Families of late-Muswell Hill and Hampstead graffiti artists warn of art form’s risks after inquest into their deaths

Two of the graffiti artists killed on the train tracks at Loughborough Junction in 2018; 19-year-old

Two of the graffiti artists killed on the train tracks at Loughborough Junction in 2018; 19-year-old Alberto Fresneda Carrasco from Hampstead, and 23-year-old Harrison Scott-Hood from Muswell Hill. Pictures: British Transport Police - Credit: British Transport Police

The families of late-Muswell Hill and Hampstead graffiti artists have warned of the “dangerous risks” of the art form after an inquest into their deaths.

Harrison Scott-Hood from Muswell Hill, Hampstead’s Albert Fresneda Carrasco were killed with their friend Jack Gilbert in the early hours of June 18 when they were hit by a train on elevated tracks in Brixton, south London.

Senior coroner Andrew Harris found at Southwark Coroner’s Court that the trio died as a result of an accident when they were struck while hiding from an oncoming train.

Afterwards, the three boys’ families issued a joint statement warning of the dangerous associated with tagging.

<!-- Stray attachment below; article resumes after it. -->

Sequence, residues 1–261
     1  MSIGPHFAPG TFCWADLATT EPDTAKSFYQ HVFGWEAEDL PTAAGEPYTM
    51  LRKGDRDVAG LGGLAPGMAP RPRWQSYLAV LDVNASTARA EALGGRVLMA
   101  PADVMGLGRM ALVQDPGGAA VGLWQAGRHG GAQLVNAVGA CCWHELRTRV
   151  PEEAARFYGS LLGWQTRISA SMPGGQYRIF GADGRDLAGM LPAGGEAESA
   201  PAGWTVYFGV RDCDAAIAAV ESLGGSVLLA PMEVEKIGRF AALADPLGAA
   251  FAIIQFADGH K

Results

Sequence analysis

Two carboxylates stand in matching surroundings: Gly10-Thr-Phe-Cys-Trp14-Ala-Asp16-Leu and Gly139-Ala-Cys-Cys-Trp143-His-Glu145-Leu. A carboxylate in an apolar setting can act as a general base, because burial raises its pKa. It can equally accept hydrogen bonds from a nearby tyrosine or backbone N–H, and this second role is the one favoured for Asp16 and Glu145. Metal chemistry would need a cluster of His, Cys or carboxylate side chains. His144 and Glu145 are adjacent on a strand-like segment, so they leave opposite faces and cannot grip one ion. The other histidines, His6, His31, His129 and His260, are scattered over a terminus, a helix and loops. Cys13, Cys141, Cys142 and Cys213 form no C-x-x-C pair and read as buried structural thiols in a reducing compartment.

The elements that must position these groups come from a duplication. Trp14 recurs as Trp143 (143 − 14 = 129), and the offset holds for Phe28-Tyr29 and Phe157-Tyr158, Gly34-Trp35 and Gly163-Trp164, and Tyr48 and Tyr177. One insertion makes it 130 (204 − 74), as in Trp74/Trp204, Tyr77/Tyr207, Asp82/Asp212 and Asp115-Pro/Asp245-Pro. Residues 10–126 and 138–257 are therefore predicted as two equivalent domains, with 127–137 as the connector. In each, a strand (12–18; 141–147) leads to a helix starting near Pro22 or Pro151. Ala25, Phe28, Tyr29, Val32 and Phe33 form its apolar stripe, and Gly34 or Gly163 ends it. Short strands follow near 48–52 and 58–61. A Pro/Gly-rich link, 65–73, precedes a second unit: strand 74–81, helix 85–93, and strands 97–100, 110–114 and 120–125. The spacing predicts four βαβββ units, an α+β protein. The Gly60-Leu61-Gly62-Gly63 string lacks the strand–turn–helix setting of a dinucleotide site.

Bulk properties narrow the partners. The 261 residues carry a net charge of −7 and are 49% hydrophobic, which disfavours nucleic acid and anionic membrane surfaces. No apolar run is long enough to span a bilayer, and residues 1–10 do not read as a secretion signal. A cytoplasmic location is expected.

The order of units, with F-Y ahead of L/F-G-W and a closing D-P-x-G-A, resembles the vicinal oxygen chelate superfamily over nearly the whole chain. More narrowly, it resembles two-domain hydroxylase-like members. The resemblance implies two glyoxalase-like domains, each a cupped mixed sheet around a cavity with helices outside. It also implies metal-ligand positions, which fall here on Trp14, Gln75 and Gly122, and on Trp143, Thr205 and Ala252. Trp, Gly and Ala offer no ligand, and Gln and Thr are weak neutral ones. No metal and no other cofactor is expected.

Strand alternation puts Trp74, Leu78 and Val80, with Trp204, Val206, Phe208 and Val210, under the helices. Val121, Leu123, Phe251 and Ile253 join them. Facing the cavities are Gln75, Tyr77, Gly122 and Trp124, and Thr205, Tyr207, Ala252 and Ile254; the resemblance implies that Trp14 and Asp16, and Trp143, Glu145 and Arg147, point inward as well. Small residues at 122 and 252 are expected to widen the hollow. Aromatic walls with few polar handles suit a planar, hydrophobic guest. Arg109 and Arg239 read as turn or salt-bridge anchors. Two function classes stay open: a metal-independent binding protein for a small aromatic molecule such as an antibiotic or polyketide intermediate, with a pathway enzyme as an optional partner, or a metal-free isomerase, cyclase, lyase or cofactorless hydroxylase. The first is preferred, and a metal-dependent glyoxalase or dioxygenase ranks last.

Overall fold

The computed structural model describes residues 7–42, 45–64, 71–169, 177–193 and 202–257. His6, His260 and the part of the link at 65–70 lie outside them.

Harrison, 23, Albert, 19 and Jack, 23, all had “promising futures ahead of them and a passion for art, particularly tagging”, they said.

But they “tragically lost their lives because of the dangerous risks this art form brings”, the families said.

“In a time full of needless violence, if our sons were guilty of anything, it was their love for painting,” they said.

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“We can only express to young people trying to make their mark to please be safe.

“Keep your creativity alive - but don’t risk your lives.”

Recording the artists’ deaths as an accident, Mr Harris said they scaled a fence to access the track near Loughborough Junction station at about 12.25am.

They were then hit by an oncoming train while hiding by a wall.

Mr Fresneda, a New York City-born student had written up a list of his aspirations shortly before he died.

In a statement read to court, his mother Isabel Carrasco said: “He wrote a to-do list just a few hours before the accident and we just wish he could’ve fulfilled his dreams.”

Meanwhile Susie Hood said her son was a “creative, free-spirited young man” and decried the “stigma” surrounding the “amazing art form”.

Jack’s mum Maxine said he was a “gorgeous, bright, cheeky, inquisitive boy who brought everyone joy”.

In a statement, Susie Hood said her son, who lived in Muswell Hill, north London, was a

All three died from multiple injuries as a result of being struck by a train, post-mortem examinations found.

Reporting by Press Association.